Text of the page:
But all of a sudden, opportunity presents itself and Alençon has some success in disrupting the English line. The excellent unit with King Henry is disordered and they pull back. After rallying his men, Henry together with York successfully counter-attack and push the French back out of the breach in the defensive line, but in following up this attack, Henry has pushed forward too far and is a little isolated.

Isolated, King Henry is charged by two mounted units

Yet another French high point!

This happens just as Fauquembergue‘s formation passes through the gaps in the Alençon line and hits the English line, with two mounted M-A-A managing to charge at Henry and dismounted M-A-A attacking York in the flank through the stakes. At the same time, Camoys on Henry’s left had to pull back to re-order.


This is an alarming moment for the English and good game tension comes from the next few die rolls and manoeuvres.


Henry is assailed several times, each time the King risks death. Fighting desperately, the French are fought off and in the lull that followed, the English fully re-established themselves amongst their defensive position. This could have easily been the turning point for the French, but they have lost the moment of catching the English unsettled and disorganised.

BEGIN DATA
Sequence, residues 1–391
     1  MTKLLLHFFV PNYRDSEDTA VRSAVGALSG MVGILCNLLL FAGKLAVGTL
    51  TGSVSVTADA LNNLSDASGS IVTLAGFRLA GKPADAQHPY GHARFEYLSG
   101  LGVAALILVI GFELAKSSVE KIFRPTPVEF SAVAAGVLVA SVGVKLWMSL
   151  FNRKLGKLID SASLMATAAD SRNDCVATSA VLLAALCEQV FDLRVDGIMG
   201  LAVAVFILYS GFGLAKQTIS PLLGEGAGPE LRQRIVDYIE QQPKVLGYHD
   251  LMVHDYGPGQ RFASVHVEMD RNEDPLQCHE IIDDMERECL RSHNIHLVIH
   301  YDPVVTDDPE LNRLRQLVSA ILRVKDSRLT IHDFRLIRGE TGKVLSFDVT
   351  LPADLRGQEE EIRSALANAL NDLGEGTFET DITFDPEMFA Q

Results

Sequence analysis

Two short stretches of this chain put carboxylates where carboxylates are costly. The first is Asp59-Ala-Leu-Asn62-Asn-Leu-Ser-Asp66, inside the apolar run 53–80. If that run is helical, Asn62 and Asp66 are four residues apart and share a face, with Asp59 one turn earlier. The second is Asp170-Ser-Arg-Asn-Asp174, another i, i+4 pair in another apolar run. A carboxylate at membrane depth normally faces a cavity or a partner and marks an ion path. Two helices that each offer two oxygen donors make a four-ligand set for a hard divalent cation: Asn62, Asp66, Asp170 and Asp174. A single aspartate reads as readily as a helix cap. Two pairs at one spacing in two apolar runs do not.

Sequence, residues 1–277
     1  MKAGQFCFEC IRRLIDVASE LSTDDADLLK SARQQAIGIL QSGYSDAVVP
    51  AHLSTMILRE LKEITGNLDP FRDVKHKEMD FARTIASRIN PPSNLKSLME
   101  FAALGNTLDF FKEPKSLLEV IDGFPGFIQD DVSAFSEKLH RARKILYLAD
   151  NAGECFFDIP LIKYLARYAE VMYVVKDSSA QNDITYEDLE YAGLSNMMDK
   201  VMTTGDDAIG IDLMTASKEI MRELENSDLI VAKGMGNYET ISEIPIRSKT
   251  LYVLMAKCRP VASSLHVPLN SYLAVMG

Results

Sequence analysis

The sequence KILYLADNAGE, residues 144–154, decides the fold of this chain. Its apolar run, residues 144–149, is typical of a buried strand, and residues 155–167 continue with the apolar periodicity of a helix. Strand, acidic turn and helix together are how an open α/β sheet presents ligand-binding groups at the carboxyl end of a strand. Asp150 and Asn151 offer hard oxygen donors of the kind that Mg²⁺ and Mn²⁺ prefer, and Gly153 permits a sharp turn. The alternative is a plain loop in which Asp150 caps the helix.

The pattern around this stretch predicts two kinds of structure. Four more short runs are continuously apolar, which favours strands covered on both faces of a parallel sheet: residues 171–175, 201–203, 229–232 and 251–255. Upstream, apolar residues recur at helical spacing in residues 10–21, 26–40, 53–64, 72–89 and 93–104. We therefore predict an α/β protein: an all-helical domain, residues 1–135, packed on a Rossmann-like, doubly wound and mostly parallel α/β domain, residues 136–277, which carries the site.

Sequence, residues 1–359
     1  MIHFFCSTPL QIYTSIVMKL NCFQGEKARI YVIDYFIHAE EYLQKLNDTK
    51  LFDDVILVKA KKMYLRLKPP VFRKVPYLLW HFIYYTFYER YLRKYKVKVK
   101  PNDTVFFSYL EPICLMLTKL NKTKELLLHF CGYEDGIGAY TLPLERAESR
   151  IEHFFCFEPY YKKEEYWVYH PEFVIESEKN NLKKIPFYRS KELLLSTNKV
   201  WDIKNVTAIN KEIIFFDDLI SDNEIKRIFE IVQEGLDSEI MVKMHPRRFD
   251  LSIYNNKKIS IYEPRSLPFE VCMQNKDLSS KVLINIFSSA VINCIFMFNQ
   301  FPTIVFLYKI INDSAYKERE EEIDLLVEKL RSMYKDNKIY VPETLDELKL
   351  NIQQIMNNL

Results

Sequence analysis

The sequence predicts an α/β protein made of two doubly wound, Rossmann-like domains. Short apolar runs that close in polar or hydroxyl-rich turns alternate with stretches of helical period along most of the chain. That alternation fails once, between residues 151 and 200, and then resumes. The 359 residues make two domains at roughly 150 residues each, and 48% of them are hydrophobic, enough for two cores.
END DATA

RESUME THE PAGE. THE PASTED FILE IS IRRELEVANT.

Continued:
End game.

And as though the game engine knew that all was lost for the French, when tested for Flight ..... they failed the test and so fled the field, leaving the English in victorious possession.

Retired units gather around the King's Standard

In failing the test, the French had suffered 18 flight points in losses (that is six dismounted M-A-A units). A further 6 points are added to that for those ‘retired’ units that still stand around the King’s Standard at the rear of the army, which as yet have not rallied, plus a result of 9 on a D10. The grand total of 33 exceeded the French Break Level of 30.

   

Conclusion.

Well a fun game and a tough one for the French, though they did manage to momentarily break into the English centre and later get a charge in against Henry, while he was exposed, plus the English left wing had to briefly make a tactical retreat. this did bring a moment of genuine game excitement for the French, who had been having a hard time of it.


Some luckier die rolls for the French could have made a big difference, especially if Henry could have been killed and the opportunities were there for that to happen.


I’m not sure that I will try the ‘balanced’ options that give better history, as I think anything tougher than this for the French, would be a purely academic exercise ..... and where is the fun in that :-)


Overall, this looks like it could be a good learning scenario because it is so small and compact, though it not to be confused with the ‘easiest’ as it draws upon many facets of the system, but then so do the other scenarios, but this is compact enough that the player can set it aside while dipping into the rule section to embed the various mechanics and processes. As an alternative something like 1st St. Albans is compact and it does not have mounted units, so the charge procedure does not need to be learned initially.


I hope this post helps those new to the system to get their copy to the table. I have obviously not covered everything, but the main features of the game engine are here. Thanks for sticking with a long post.


Resource Section.


My sister webspace COMMANDERS is a bit more snippet based than here. Link.